Photographs of their home would suggest the children were "left to live in their own excrement," he said.

The rented home had to be demolished, the courtroom heard.

Should have had monthly visits

Wes McIntosh, the mother's defence lawyer, said Social Development had opened a child protection file on the family around the time the fifth child was born — about seven months before the deputies intervened and the children were seized.

The family should have had monthly checkup visits, said McIntosh.

"If people were checking up on them monthly, I don't know how this happened," he said. "Your teeth don't rot overnight."

His client "absolutely loved those children," he said.

But her "mistaken" view of being a mother meant she couldn't say "no" to them when she should have, he said, citing their demands for sugary food as an example.

The children turned wild, according to his client, and she just kind of gave up, McIntosh said. It became overwhelming for her, he said, adding she takes full responsibility.

The family's rented home was so damaged it was demolished. (Matthew Bingley/CBC)

The father's defence lawyer, Joel Hansen, also pointed out home assessments were conducted and a social worker had been in the house just two months before the children were taken.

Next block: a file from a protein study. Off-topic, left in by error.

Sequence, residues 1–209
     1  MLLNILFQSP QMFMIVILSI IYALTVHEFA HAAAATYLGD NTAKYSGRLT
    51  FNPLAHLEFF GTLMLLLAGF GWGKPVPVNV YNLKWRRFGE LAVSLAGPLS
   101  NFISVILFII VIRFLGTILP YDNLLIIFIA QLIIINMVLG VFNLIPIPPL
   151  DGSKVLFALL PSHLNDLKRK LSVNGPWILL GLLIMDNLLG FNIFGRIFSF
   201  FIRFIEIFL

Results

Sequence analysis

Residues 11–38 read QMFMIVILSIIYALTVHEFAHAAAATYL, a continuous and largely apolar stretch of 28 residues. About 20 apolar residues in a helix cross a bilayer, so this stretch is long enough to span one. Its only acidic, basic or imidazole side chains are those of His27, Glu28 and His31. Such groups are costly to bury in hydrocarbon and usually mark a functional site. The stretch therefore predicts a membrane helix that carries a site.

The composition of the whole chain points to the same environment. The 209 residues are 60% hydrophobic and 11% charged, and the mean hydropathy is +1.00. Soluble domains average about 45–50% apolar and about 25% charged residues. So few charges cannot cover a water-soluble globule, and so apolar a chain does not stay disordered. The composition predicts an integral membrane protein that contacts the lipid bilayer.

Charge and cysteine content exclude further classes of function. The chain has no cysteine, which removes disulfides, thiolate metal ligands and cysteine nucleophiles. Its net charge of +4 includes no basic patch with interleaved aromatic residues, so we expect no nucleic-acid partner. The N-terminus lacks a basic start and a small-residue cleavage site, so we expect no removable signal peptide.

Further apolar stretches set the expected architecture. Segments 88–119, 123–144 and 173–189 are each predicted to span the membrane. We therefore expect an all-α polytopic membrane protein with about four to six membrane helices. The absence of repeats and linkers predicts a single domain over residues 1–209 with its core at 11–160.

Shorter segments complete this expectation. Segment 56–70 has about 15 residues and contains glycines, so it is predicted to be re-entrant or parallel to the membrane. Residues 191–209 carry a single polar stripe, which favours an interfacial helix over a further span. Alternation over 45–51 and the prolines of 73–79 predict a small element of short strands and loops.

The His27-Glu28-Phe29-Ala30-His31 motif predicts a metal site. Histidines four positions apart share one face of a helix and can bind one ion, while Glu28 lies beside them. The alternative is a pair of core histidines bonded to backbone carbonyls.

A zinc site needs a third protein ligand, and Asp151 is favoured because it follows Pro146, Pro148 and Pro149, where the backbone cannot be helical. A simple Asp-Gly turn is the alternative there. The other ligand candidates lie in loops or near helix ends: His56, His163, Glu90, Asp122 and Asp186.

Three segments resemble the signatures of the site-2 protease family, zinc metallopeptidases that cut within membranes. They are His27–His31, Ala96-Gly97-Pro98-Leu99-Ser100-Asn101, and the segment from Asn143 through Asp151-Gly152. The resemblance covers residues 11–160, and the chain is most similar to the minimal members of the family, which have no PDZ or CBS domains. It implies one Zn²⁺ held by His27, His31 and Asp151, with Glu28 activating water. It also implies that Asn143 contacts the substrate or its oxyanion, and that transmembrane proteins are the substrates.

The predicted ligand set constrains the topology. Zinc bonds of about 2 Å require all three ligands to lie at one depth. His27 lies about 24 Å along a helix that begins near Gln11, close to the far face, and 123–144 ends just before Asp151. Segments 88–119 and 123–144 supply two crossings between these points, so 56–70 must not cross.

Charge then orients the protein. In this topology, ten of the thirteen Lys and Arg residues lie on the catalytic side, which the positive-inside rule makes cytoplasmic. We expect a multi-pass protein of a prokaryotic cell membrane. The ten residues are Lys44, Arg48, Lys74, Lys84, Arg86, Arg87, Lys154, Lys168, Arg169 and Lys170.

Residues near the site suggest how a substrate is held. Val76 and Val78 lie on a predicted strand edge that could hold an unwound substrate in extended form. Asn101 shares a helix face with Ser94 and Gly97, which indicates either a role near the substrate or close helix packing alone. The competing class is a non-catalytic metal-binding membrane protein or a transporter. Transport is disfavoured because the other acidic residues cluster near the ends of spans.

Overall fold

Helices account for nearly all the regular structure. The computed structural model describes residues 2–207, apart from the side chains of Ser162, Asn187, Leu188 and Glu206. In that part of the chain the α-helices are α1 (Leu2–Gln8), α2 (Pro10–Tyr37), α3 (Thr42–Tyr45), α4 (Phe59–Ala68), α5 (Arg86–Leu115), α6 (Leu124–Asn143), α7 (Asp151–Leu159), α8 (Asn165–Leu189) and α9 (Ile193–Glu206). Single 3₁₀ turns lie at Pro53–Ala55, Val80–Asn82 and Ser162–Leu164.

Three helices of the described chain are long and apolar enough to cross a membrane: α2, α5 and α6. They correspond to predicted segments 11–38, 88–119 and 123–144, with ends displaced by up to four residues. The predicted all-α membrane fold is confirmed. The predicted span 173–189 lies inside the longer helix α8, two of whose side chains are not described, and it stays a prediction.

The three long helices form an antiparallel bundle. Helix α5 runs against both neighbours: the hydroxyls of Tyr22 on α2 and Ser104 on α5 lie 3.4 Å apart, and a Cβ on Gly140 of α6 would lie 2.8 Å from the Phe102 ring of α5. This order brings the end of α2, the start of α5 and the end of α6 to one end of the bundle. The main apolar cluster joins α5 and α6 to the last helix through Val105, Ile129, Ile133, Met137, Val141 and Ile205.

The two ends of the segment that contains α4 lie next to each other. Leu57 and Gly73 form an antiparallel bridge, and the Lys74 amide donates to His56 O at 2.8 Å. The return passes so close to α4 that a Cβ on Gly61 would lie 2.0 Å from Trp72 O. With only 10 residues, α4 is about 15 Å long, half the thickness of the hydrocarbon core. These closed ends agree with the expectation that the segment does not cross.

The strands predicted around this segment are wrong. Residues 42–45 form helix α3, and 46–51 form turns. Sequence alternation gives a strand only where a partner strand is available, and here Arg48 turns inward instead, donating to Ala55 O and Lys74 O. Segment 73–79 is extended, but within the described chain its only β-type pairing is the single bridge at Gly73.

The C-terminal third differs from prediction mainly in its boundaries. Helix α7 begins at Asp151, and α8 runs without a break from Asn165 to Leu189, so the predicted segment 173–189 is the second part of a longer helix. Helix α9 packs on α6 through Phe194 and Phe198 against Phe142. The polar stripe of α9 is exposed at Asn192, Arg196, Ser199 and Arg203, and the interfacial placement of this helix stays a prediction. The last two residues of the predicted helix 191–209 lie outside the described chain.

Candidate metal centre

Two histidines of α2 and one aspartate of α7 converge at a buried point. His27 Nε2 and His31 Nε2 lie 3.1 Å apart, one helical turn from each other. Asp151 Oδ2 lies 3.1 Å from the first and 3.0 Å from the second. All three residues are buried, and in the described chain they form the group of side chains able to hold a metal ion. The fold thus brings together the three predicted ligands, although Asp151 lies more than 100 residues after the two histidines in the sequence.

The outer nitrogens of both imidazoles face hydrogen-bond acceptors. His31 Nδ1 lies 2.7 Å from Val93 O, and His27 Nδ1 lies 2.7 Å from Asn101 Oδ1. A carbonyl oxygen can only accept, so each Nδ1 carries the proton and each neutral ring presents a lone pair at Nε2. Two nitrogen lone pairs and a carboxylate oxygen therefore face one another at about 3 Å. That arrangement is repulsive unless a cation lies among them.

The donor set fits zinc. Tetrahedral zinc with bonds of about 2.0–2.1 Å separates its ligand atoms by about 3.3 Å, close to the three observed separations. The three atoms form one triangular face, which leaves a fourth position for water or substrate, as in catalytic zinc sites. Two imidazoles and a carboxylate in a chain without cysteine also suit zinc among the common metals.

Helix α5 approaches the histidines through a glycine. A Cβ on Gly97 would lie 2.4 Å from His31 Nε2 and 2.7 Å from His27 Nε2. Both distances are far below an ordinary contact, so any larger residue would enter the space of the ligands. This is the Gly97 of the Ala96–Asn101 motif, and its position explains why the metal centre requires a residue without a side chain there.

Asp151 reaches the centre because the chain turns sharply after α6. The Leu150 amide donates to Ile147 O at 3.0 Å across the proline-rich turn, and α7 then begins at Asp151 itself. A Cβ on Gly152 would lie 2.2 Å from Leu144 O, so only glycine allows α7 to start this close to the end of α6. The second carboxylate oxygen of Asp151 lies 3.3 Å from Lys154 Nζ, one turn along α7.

The living conditions were not the result of any drug or alcohol abuse, said Hansen. No addictions were "draining money" away, he said.

The parents were only aged 15 and 16 when they had their first child, said Hansen. The father worked 12 hours a day, seven days a week.

Bossé said he will wait until after the sentencing to decide how to proceed, but he did say the case caused him concern.

"We've seen historically other cases in the Saint John area, and through the province, of neglect that have caused death of children," he said.

The province's child death review committee reports on cases of death or serious injury, but neglect charges are also serious offences, said Bossé.

"We need to make sure that we provide information to the public so that this can be prevented," he said.

"I have a duty, I have a responsibility to make sure that children are represented, and that if there's a recommendation that needs to be made with respect to this case, that I make it."

With files from Rachel Cave